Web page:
New Perspectives in Science Education

Edition 13

Accepted Abstracts

Study on the Cancer’s Representations from Primary School Pupils and Their Filing Systems

Nathalie Pinsard, ESPE Bourgogne (France)

Emmanuella Di Scala, Espé and Laboratory Ciméos 51 rue charles dumont 21000 Dijon (France)

Sebastien Malpel, Laboratoire CIMEOS. Universite de Bourgogne (France)

Robert Andres, ESPE Bourgogne (France)

Philippe Ricaud, CIMEOS Laboratory - University of Burgundy (France)


Representation is an act of thought through which a subject relates to an object. There is no representation without an object [1, 2]. In order to comprehend the representation’s content [2, 3, 4, 5], it is thus necessary to emphasize on the components from the representations which scientific information belongs to and that is of great interest for us on this study on cancer.

This study aims to identify the cancer’s representations that 10 years old pupils possess (in Year 5). The variable taken into account in this study is the knowledge of cancer these young pupils have and its relative position compared with other illnesses.

The sample is composed of 64 pupils from Year 5. The pieces of information were gathered from the filing systems intuitively established by the pupils (Intuitive classifying systems). A first questionnaire (pre-study) required listing the names of the illnesses that come straight to their minds. The second questionnaire suggested 4 features (contagious illness, fatal, curable with or without medicines) and asked to classify illnesses according to the latter.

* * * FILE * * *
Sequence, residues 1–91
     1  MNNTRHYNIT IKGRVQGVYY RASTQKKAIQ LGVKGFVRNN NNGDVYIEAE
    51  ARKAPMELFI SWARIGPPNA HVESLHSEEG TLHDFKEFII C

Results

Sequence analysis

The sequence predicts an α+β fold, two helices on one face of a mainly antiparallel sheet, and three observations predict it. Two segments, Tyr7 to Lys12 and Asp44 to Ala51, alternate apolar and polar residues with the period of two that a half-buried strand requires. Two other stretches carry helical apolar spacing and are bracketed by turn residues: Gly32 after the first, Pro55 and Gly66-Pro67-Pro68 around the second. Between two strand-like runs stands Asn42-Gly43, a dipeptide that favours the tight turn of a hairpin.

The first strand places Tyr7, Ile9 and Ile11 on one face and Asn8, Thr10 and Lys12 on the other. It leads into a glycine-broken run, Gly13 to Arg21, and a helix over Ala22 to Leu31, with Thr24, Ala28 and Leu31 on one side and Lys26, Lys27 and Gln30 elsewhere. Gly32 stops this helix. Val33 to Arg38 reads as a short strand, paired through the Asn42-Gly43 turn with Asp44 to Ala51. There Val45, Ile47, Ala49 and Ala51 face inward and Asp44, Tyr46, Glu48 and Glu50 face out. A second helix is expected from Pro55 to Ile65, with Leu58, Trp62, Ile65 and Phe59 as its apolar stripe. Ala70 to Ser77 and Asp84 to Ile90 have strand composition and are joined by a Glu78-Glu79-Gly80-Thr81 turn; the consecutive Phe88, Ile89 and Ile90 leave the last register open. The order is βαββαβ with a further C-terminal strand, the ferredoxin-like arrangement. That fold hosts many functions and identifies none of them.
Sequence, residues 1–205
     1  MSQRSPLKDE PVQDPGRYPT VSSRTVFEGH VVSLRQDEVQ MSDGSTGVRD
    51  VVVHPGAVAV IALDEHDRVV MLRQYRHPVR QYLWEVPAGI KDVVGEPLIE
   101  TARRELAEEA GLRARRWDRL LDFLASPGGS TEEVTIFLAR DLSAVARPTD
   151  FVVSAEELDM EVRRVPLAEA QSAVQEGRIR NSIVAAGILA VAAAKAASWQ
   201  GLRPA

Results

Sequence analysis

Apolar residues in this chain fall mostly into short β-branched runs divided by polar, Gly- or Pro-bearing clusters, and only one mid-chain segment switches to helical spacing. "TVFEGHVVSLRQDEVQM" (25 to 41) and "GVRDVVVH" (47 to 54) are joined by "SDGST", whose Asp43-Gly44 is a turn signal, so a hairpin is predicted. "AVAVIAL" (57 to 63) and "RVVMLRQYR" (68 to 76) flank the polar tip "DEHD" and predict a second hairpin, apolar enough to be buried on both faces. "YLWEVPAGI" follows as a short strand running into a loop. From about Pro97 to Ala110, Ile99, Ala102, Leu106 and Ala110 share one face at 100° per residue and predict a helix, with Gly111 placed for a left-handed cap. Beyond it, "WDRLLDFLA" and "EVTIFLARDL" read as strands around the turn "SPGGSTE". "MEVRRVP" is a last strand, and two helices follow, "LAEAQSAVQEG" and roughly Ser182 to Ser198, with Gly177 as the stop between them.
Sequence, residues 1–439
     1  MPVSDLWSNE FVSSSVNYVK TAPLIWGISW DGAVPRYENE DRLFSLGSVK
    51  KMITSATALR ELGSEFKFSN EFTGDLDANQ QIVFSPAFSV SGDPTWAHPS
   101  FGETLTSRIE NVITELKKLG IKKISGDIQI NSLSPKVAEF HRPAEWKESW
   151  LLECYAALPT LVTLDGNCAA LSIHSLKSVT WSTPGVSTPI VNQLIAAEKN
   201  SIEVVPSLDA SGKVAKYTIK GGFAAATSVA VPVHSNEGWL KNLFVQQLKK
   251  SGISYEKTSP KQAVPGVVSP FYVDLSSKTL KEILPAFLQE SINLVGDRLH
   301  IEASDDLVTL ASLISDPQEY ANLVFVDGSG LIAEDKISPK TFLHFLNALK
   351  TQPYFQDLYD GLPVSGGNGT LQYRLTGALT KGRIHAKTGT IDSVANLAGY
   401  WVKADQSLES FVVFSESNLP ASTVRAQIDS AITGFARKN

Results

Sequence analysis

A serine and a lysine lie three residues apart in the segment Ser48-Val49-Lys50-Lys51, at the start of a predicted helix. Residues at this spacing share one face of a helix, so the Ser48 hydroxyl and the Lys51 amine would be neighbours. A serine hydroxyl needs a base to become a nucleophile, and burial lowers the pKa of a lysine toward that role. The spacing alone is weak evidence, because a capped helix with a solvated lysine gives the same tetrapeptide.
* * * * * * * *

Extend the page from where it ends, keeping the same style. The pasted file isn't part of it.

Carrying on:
The results showed the strong importance of cancer in the pupils’ minds while they should feel less concerned about it, particularly because this subject is not seen at school at this age. Cancer is the most spontaneously quoted illness before influenza and HIV. It is perceived as non-contagious (For 92% of the pupils) but highly associated to death (89%) even though the chances of survival are higher than for the other illnesses evoked (HIV, influenza, Ebola) thanks to a treatment (30% of the answers). This relation to cancer seems to be correlated to the personal background of the pupils, who were touched by this illness in their close relations, as cancer is often presented as really serious without being explained with simple explanations.

These results raised the importance of teaching and giving detailed information in the school or extracurricular environments to young people. It is hoped that such an education would demystify cancer.


[1] Moscovici S. (2013) Le scandale de la pensée sociale. Editions de l’Ecole des Hautes Etudes en Sciences Sociales, 307p.
[2] Jodelet D. (2014). Représentations sociales : un domaine en expansion. In Les Représentations sociales. Sociologie d’aujourd’hui, PUF, 47-78.
[3] Clement P. (2006). Didactic transposition and the KVP model : conceptions as interactions between scientific knowledge, values and social practices.  Proceedings Summer School ESERA, IEC, Univ. Minho, Portugal, 9-18.
[4] Laplantine F. (1993). Anthropologie de la maladie : étude ethnologique des systèmes de représentations étiologiques et thérapeutiques dans la société occidentale contemporaine. Payot, 411 p.
[5] Mauss M. Durkheim E. (1974). De quelques formes primitives de classification. Contribution à l’étude des représentations collectives. In Œuvres 2. Représentations collectives et diversité des civilisations. Minuit, 739 p.

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